Things to Consider Before Bringing Home a Puppy
It has been a rollercoaster of a seven months since we brought home our sweet puppy! Life with five young kids and a puppy is just as exciting as you are imagining, but I will tell you that I almost lost my mind for the first few months. While it has gotten easier, it is still not ‘easy’ with a nine month old puppy and young kids. Yet, I would not trade our pup for the world! That being said, I have learned that there are a few things you should know before bringing home a puppy of your own.
Do you have the money?
This sounds like a no-brainer here, but so many families underestimate the costs of having a puppy (or dog in general). There will be puppy well-checks, surgery expenses for being neutered/spayed, food costs, doggie daycare/boarding potentials, and the list goes on. You will spend money on toys, treats, and accessories. You will replace shoes eaten, and need to invest in a great carpet cleaning vacuum. There is no excuse to not know these things. Advice from a veterinarian, "You should have at least $1,000 set aside after purchasing or picking up your new puppy."
Think about why you want a puppy. Have you considered rescue/adoption?
This is a very personal, family decision. We had a rare experience and rescued a dog once and it did not go well. With children, we could not shake our previous experience and wanted to know that we were the dog’s only home. We also wanted to love the dog from birth (which we did because we were sent photos as she was born and videos every day until we picked her up!).
Does everyone love dogs?
Is anyone in your house a non-dog-lover? If someone is not ready, reconsider.
Research your breeds.
Every breed is different, and each comes with different needs and possible health problems. Some breeds are known to cost more throughout adulthood. You want to understand and be prepared for a lifetime of dog love.
Will your dog need to be run miles? Will he need to be near you more often than not? Knowing your breed will help you prepare for your puppy.
Research your breeders or options.
Make sure you know where your puppy is coming from.
Consider Pet Insurance.
Not a necessity, however, a dog getting sick, growing older, or getting hurt never quite seems to be in the budget. You may not want to add $50 to your monthly budget, but it could possibly spare you thousands in an emergency situation. It is worth looking into.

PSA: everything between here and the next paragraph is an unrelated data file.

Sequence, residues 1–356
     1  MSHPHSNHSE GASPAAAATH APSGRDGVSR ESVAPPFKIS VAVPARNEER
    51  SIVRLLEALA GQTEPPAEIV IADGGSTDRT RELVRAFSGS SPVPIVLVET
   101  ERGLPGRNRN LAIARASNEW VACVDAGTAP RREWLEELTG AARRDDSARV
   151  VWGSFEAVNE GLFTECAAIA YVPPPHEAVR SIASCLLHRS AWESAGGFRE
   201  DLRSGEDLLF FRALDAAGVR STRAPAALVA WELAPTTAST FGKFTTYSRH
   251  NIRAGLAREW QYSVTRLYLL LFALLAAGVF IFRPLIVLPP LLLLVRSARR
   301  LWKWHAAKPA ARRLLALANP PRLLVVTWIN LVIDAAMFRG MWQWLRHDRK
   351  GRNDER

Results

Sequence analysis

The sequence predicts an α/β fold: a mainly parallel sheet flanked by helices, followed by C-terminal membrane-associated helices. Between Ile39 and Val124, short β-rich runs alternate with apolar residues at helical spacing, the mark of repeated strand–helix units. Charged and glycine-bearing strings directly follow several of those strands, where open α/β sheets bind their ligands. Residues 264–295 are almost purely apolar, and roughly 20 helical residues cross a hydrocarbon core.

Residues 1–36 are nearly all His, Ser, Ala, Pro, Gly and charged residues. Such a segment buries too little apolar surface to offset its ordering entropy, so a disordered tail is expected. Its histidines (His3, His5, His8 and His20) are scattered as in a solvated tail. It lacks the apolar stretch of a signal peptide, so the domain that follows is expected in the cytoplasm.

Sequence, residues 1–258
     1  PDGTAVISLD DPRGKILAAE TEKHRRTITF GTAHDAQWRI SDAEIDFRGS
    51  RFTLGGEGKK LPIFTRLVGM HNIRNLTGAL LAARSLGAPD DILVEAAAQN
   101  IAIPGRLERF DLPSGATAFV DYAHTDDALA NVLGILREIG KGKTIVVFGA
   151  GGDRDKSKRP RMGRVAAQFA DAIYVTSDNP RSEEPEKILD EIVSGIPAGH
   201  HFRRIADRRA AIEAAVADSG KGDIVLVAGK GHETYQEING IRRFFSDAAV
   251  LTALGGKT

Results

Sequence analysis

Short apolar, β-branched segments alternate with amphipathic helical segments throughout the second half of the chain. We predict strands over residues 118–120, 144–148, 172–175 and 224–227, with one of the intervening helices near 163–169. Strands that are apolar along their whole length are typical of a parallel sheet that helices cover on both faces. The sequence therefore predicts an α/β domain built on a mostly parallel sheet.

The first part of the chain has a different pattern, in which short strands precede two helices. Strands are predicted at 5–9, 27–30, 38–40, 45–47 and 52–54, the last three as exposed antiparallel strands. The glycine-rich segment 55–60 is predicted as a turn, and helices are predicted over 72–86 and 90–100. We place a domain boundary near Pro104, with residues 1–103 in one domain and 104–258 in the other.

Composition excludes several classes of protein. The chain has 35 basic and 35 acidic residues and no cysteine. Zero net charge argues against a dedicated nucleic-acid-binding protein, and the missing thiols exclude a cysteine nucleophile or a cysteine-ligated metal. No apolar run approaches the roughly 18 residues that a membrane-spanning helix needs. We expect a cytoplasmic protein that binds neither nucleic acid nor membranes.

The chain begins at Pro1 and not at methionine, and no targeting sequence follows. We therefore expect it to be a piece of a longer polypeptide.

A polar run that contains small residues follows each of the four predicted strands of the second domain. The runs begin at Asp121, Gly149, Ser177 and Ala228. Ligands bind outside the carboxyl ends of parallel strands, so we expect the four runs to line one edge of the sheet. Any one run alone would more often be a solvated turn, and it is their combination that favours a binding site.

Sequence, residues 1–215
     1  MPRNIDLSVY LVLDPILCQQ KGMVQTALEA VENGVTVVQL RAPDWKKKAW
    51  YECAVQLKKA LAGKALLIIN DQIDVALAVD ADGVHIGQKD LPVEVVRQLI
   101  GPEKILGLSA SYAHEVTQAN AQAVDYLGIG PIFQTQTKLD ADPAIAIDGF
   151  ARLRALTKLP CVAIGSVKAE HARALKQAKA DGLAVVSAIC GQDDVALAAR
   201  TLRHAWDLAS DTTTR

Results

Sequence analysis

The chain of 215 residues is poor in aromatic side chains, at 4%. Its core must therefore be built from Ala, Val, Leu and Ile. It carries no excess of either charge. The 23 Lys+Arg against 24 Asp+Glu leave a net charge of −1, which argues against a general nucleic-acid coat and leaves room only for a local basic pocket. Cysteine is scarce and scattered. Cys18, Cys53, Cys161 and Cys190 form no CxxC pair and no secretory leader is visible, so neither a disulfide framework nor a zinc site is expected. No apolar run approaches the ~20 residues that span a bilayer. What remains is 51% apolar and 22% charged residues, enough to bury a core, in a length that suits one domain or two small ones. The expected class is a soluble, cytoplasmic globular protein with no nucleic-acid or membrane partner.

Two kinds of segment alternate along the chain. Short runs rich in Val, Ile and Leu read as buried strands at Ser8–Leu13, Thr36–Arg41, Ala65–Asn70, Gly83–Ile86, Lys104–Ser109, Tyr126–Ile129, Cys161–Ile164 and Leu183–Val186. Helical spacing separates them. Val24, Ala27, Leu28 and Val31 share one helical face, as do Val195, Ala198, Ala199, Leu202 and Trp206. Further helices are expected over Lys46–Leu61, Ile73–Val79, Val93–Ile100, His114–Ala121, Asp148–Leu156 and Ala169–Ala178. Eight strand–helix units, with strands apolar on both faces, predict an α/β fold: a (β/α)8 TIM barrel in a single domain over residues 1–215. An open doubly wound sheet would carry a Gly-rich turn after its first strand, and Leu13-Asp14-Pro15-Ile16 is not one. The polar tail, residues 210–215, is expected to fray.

Know your life will change.
Puppies need walked, a lot. They cry at night. They are sad and lonely. They need a smooth transition into your home. They need your love and attention just as a newborn baby does.
Puppies grow up.
That puppy Instagram account you follow? It is absolutely heartbreakingly adorable. (Yes, I’m a follower.) You need to know that your puppy will grow up - FAST. All those cute puppy pictures are taken during the times of teething, potty-training, and shoe-eating. Before you can bling, she will no longer be a little pup. Make sure you are not just in love with #puppiesofinstagram.
Note: I’m telling you this because every week, puppies are dropped at a shelter because families have decided that having a dog is not what they thought it would be.
Before Bringing Your Puppy Home
Know what food your dog has been transitioned to. You want to mix it in with the brand/type you plan to use and wean her from it.
Know what shots, if any, have been given. Request all paperwork be available at pick up.
Have a training plan ready to go, and you need to start from day one.
Prepare your home by having a small area designated for your puppy. A puppy makes a spotless home impossible. You will clean up pee puddles. You will have teeth marks and chewed rugs. Your couch may never be the same.
Have a veterinarian lined up for a health check.
Understand that you are going to love this tiny ball of fur so much, but she’s also going to get on your last nerve…. And then of course, she’ll slobber you with kisses.
"I think Consistency is so important with Potty training , obedience and feeding. It also helps show the puppy you’re in charge. We got two puppies within 4 months! Started with the dachshund and realized we missed having a big dog. We were already in puppy mode so it really didn’t make things much harder." - Starr
"A lot of work, a lot of love, a lot of snuggles and laughs. Totally worth the chewing days, because the life long friend is priceless" -Lindsey
"They are just as much work as having another kid, but worth all of it!" - Laura
They’re like newborn babies, waking often throughout the night in the beginning, but it gets better quickly! - Christina